what a lovely picture!!

Litgirl01 said...

Finding the words to describe something so that others can visualize it! Exciting! I often have my students describe paintings when we do narration! FUN!!!

Pen Pen said...

:) I tend to put too much description and go very "Herman Melville" on my writing, and it's for sure something people are always wanting me to pull back on--I gotta respect that. It's the same rule as including profanity: "If it's needed to tell the story, go for it, but superfluous amounts is tragic."
:)

Lady Glamis said...

I agree. Moderation is almost always the key! I love little details, especially when they run deep, like roots, and lend themselves to some great symbolism.

Solvang Sherrie said...

As a reader, I tend to skip if there's too much description. So I keep it to a minimum when I'm writing.

lotusgirl said...

Angela, Thanks. I'm all about the segue! I love the little details, too.

Cindy, In some of those things we do determine our uniqueness.

Pop, Thanks!

Litgirl, That's a great exercise for all of us writers.

PenPen, Yeah, I'm not a big fan of profanity either.

Glam, I love how you put that. run deep, like roots...

Sherrie, I think a lot of people do that.

KLo said...

The biggest things are just made up of an exponential number of little things. I love your thinking style : )

lotusgirl said...

KLo, Exactly! I like your thinking style too.

giddymomof6 said...

I love this post! I remember the first time I read Harry potter I was so surprised that I had completely got the image of so much--it felt as if I had read two or three pages but when I looked down I had only read a paragraph. that woman is amazing in her word choices--so discriptive and subtle too. Jenni

scott g.f. bailey said...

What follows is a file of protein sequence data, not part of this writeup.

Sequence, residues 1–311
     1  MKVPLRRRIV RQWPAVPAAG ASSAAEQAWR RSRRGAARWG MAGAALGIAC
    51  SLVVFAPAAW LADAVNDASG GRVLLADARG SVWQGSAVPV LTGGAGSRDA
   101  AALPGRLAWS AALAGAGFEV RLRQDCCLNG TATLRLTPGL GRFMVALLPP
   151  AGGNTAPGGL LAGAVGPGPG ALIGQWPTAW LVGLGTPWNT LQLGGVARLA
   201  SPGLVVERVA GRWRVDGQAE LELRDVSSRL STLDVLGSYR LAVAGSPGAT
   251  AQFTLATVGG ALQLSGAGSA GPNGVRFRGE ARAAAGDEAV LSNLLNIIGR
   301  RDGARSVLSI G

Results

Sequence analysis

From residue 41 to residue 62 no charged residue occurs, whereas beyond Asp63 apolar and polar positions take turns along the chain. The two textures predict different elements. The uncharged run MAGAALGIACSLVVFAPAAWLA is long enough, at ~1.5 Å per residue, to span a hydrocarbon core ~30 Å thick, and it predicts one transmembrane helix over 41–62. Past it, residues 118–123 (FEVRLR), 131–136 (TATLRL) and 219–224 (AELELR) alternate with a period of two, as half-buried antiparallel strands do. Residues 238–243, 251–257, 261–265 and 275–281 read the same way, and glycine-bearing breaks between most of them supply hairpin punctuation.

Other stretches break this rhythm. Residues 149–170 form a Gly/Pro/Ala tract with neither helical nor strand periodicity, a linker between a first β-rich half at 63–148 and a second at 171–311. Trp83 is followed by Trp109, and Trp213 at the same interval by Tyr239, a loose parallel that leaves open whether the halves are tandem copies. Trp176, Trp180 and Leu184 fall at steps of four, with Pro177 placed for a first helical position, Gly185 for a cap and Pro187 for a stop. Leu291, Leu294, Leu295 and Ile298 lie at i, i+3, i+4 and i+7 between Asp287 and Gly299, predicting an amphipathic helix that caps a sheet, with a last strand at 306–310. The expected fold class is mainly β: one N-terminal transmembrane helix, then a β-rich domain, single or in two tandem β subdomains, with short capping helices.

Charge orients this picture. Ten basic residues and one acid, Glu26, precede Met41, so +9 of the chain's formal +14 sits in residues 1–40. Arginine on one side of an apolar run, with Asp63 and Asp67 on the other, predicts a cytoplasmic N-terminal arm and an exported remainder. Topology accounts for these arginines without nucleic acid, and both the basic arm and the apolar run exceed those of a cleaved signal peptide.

I don't know if "moderation" is really the important idea. Perhaps it's more helpful to think about focus and meaning. Certainly there's an urge some of us have to give the reader every stone, pane of glass and peeling chip of paint in the cathedral where our characters are standing, and that level of detail might not move the story along. Likely it doesn't. But in real life we sometimes notice a loose button on someone's jacket when we're having a conversation, or that the third step of a staircase we're walking up has been recently replaced, or whatever, and I think these telling details (if, that is, they are actually telling) can give readers a richer reading experience than an architectural rendering. Maybe. I appear to be rambling.

Also: like Justus, I like to slip in little details that maybe only I will appreciate.

lotusgirl said...

Jenni, Rowling is amazing with that. It's one of the things I loved about HP.

Scott, I think it depends entirely on the story. If we need to see every paint chip in the cathedral to make the point of the story--that there is some deep meaning in the wall behind the paint chips or something--then it was worth the scrutiny, but if it's just to see the paint peeling, that can be said in one line. I like having the detail. Don't just rush me through. But I don't want to spend all day inside the cathedral if the real story is out back with the pigeons.

Kasie West said...

Love the pic. And yes, too many details can definitely bog down a story, but just enough brings it to life. Finding the balance is the hard part.

lotusgirl said...

Kasie, Writing is, indeed, a balancing act.

Robyn said...

It's all about finding the right balance. And what a beautiful pic.

My MG novel is set in NC's Blue Ridge Mountains and I have to hold back, because I could go overboard with detail! It would be a very easy thing to do.

Moderation even in chocolate? SHOOT! *shakes her head*

Crimogenic said...

Moderation in all things, except wine :)

The Things We Carried said...

It is such a fine line to find for a writer, isn't it? I love details and yet don't want to bog or be bogged down!

lotusgirl said...

Robyn, The Blue Ridge! Gorgeous details to be had. Sounds like something I'd love to read.

Crimey, Even in wine!

Things, bogging is bad, isn't it?